Trump Prepares for Reporters, Questions on Russian Hacking | NBC Southern California
Donald Trump's First 100 Days in Office

Donald Trump's First 100 Days in Office

The latest news on President Donald Trump's first 100 days

Trump Prepares for Reporters, Questions on Russian Hacking

Nearly six months and a presidential campaign victory after his last conference, the president-elect will finally step before reporters again

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    President-elect Donald Trump is set to give his first press conference since winning the election. It comes amid new information about possible Russian influence. Katherine Creag reports. (Published Wednesday, Jan. 11, 2017)

    The last time Donald Trump held a news conference, he was plunging into a heated general election campaign with Hillary Clinton and suggested Russia could help dig up some of his rival's emails.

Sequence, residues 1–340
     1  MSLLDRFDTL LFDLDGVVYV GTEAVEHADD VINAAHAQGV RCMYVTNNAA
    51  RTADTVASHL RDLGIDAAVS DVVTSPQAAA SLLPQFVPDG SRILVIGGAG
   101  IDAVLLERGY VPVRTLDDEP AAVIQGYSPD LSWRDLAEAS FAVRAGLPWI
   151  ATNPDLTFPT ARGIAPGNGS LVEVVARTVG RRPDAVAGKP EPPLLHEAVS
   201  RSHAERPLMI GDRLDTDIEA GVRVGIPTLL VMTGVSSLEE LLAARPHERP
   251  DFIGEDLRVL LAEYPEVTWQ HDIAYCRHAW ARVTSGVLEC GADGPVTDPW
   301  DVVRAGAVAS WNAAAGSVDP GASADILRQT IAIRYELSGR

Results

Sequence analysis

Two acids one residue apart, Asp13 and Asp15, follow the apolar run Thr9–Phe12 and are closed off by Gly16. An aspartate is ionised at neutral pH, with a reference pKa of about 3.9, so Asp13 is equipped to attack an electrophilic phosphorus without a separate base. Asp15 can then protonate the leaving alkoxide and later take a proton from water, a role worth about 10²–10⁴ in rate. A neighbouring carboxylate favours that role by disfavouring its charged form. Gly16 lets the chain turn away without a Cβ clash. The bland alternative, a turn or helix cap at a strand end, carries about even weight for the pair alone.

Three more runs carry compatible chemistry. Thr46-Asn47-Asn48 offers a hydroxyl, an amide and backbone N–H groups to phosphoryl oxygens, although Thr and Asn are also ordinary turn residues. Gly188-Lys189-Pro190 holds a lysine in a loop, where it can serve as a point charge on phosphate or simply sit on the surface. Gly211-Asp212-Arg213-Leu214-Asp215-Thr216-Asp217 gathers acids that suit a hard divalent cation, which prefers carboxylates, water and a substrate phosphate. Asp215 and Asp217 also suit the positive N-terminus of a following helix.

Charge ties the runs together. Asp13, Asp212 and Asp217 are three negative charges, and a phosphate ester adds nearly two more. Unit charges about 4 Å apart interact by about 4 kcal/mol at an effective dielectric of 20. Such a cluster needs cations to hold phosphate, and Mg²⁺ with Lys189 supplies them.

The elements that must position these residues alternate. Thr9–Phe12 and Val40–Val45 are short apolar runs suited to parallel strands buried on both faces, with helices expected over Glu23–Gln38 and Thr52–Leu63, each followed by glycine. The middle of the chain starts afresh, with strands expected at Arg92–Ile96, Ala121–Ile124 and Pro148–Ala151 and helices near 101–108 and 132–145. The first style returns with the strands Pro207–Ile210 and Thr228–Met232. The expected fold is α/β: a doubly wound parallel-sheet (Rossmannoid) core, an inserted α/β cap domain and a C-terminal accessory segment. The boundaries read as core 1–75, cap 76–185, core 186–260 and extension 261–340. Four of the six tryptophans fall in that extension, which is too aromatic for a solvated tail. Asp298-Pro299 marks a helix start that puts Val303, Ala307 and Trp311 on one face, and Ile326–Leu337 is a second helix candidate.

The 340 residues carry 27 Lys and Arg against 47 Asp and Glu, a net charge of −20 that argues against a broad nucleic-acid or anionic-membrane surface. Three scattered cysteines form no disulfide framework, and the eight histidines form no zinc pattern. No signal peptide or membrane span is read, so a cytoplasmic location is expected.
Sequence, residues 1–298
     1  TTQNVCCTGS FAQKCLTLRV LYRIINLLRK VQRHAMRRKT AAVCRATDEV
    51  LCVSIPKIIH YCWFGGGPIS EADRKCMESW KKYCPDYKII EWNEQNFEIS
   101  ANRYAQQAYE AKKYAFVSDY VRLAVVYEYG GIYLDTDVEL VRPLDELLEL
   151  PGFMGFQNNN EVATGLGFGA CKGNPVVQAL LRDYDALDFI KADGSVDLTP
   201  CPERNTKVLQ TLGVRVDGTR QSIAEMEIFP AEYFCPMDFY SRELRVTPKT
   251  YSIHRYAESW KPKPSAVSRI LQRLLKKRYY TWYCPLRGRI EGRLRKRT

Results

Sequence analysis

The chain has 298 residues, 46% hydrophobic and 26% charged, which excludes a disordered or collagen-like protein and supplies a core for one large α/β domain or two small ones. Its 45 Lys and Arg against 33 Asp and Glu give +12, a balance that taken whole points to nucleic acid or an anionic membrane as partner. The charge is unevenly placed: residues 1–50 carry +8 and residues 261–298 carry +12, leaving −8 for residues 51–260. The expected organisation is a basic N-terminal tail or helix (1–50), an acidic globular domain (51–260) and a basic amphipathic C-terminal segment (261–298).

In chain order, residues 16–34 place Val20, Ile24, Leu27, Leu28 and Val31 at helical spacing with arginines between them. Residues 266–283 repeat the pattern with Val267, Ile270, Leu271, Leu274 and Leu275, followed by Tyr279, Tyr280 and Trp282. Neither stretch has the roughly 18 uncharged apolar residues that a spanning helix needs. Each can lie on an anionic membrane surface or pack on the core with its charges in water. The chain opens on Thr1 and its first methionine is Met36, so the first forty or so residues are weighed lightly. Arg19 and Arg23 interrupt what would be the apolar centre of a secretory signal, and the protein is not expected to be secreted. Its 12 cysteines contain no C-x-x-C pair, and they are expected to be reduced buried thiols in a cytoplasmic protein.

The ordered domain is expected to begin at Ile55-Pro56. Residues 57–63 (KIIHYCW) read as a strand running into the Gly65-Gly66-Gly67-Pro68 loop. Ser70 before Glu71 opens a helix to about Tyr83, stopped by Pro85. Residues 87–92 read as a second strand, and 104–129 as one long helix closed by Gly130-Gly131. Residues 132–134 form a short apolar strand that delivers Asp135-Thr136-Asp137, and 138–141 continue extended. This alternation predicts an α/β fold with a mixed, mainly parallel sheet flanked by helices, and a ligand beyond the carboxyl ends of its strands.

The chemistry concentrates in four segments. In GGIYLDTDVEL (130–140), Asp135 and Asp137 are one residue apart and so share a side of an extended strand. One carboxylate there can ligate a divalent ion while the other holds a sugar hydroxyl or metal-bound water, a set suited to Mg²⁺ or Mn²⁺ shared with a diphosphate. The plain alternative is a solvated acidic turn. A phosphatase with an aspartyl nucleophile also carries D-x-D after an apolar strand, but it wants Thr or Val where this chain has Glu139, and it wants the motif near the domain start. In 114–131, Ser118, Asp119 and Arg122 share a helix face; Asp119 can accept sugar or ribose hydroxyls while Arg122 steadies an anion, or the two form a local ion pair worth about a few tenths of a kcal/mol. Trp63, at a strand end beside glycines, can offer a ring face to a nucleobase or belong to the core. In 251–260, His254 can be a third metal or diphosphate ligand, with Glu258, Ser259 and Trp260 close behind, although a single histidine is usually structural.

Nearly six months and a presidential campaign victory later, Trump will finally step before reporters again Wednesday to face questions about what role he believes Russia played in the election year hacking of Democratic groups — interference the intelligence community says was intended to help the Republican defeat Clinton. Trump has challenged that assessment and has yet to say whether a full briefing with intelligence officials last week did anything to sway him.

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    NBC reports on the steps that flyers and travelers can take to protect themselves, and their vacation, from an overbooked flight.

    (Published Wednesday, April 26, 2017)

    A U.S. official told The Associated Press on Tuesday that the intelligence officials informed Trump about an unsubstantiated report that Russia had compromising personal and financial information about him. The official spoke on the condition of anonymity because the official was not allowed to publicly discuss the matter.